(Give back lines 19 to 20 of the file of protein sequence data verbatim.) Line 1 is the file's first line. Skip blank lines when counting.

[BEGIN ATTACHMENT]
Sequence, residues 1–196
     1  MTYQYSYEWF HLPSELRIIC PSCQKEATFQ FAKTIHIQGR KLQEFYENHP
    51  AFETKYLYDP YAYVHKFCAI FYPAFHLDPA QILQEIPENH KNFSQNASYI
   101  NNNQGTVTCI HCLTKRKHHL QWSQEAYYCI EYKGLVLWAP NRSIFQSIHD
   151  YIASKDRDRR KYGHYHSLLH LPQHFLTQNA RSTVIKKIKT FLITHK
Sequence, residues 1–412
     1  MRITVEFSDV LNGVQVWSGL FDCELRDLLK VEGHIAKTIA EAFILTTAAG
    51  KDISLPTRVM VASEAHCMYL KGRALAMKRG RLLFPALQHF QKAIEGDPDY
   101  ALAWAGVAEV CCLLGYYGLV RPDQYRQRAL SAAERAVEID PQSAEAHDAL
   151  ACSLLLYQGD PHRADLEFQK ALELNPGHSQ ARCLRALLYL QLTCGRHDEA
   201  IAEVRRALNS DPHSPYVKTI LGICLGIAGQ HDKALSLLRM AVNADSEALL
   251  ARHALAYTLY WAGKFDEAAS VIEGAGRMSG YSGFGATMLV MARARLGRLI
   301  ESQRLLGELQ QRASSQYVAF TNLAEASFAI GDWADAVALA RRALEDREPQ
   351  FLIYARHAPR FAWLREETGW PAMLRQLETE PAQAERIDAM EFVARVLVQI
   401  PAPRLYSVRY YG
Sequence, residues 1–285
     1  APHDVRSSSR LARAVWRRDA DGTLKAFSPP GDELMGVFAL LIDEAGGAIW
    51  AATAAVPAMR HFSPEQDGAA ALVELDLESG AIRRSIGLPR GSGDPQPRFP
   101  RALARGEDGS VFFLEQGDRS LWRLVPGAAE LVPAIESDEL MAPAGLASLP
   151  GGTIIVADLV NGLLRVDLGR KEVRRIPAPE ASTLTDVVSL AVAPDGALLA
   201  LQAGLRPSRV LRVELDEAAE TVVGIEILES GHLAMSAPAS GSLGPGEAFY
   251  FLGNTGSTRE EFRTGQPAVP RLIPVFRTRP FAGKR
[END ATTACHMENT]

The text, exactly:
   101  RALARGEDGS VFFLEQGDRS LWRLVPGAAE LVPAIESDEL MAPAGLASLP
   151  GGTIIVADLV NGLLRVDLGR KEVRRIPAPE ASTLTDVVSL AVAPDGALLA